Purpose: We investigated the ability of pretreatment with buthionine sulfoximine (BSO) to overcome a priori resistance to arsenic trioxide (As2O3) in multiple myeloma (MM) cells and determine whether this was through an apoptotic mechanism that involves changes in the cellular redox state. Experimental Design: Using a panel of dexamethasone and chemotherapy-resistant MM cell lines, we examined growth inhibition, induction of apoptosis, and changes in the redox state by AS2O3 alone or after preincubation with BSO. Results: Whereas the sensitive cell lines showed 100% killing at 0.5 μmol/liter of As2O3, the resistant cell lines required BSO pretreatment to achieve 100% killing at this dose. By comparison, the peak As2O3 plasma concentration in acute promyelocytic leukemia in patients successfully treated was 5-7 μmol/liter with rapid decline to a sustained level of 1-2 μmol/liter. We demonstrated that BSO and As2O3-induced cytotoxicity was attributable to induction of apoptosis accompanied by activation of the death signals: caspases 3, 8, and 9. Conclusions: We have demonstrated that growth inhibition of highly resistant MM cell lines by As2O3 is facilitated by BSO and that this effect is accompanied by caspase activation, presumably leading to activation of apoptosis. These data indicate that steroid and chemotherapy-resistant MM cell lines can be overcome by manipulation of the cellular redox state. Because BSO and As2O3 can be used at clinically relevant concentrations, we believe that our observations may have important implications for the treatment of MM.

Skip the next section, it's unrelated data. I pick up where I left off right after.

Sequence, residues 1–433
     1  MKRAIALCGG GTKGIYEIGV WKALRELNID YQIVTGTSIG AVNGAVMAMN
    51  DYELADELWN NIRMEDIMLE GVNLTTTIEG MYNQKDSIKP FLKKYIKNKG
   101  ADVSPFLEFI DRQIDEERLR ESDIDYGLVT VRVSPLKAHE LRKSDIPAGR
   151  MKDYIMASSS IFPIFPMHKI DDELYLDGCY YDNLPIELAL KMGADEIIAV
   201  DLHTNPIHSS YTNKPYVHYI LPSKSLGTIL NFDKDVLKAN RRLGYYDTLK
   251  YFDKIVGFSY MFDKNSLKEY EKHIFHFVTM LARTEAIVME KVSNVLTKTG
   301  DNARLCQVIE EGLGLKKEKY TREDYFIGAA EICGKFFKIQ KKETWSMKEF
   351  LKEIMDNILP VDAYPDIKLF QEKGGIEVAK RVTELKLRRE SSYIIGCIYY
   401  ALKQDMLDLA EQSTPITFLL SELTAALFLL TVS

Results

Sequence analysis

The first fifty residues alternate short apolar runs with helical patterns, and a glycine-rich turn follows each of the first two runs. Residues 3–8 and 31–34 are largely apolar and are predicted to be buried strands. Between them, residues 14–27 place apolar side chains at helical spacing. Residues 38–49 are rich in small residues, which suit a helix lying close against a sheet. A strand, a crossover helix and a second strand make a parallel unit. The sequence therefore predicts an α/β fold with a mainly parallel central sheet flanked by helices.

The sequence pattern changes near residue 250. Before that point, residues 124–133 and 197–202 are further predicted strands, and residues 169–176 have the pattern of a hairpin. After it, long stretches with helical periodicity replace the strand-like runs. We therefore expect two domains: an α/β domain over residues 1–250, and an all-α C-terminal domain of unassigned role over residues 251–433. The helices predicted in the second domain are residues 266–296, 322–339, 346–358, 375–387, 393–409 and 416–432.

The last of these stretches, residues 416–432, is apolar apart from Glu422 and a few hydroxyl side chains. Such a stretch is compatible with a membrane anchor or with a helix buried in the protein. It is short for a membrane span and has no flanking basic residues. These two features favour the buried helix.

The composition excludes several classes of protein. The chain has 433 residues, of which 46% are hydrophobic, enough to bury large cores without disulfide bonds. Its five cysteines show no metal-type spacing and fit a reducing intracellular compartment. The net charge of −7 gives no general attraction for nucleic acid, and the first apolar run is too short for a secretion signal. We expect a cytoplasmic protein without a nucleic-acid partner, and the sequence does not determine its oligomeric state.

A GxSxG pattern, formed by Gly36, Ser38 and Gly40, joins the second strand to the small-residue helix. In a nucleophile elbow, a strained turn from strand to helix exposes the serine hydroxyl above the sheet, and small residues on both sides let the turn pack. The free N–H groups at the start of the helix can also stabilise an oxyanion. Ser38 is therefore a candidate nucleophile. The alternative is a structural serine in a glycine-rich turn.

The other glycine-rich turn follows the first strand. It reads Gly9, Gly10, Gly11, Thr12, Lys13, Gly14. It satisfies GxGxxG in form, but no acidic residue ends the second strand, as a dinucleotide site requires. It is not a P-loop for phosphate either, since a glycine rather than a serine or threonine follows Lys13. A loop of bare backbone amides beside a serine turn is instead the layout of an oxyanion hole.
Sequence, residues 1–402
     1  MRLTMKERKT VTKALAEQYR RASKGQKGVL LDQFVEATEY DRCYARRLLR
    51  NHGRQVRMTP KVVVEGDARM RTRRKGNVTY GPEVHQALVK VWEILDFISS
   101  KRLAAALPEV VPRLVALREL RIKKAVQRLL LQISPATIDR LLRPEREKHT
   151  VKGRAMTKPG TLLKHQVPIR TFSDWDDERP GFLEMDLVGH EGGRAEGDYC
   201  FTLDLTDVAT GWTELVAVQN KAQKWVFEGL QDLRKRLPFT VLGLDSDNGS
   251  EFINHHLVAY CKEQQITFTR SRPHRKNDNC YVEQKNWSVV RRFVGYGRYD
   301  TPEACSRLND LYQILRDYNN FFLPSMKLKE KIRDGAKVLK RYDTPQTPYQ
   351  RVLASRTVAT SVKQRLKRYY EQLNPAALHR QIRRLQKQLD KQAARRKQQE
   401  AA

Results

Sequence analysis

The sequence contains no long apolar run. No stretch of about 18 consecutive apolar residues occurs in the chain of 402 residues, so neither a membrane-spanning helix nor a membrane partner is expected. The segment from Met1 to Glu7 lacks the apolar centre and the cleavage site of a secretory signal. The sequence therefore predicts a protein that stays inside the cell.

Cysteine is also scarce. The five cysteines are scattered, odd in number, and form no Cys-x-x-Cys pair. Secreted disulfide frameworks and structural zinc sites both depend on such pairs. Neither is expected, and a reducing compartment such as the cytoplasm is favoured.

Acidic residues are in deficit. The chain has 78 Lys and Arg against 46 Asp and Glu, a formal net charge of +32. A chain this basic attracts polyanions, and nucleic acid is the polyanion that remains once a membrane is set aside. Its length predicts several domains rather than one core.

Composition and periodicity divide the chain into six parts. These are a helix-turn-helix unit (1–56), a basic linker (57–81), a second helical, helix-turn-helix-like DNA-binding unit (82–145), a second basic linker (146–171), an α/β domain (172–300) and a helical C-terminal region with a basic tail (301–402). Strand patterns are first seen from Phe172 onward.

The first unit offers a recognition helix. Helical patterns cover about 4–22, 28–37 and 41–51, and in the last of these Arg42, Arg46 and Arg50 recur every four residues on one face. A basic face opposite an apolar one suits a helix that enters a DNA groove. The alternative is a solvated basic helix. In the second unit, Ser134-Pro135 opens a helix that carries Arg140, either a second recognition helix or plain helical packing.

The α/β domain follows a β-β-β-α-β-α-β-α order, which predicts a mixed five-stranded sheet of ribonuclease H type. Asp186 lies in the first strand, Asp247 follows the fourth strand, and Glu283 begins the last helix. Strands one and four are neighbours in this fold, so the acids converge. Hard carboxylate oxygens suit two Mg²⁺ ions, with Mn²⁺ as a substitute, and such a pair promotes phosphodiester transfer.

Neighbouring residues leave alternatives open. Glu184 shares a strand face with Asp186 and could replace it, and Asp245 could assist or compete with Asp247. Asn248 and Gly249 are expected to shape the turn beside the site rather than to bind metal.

|Original language||English (US)|
|Number of pages||7|
|Journal||Clinical Cancer Research|
|State||Published - Mar 14 2002|
ASJC Scopus subject areas
- Cancer Research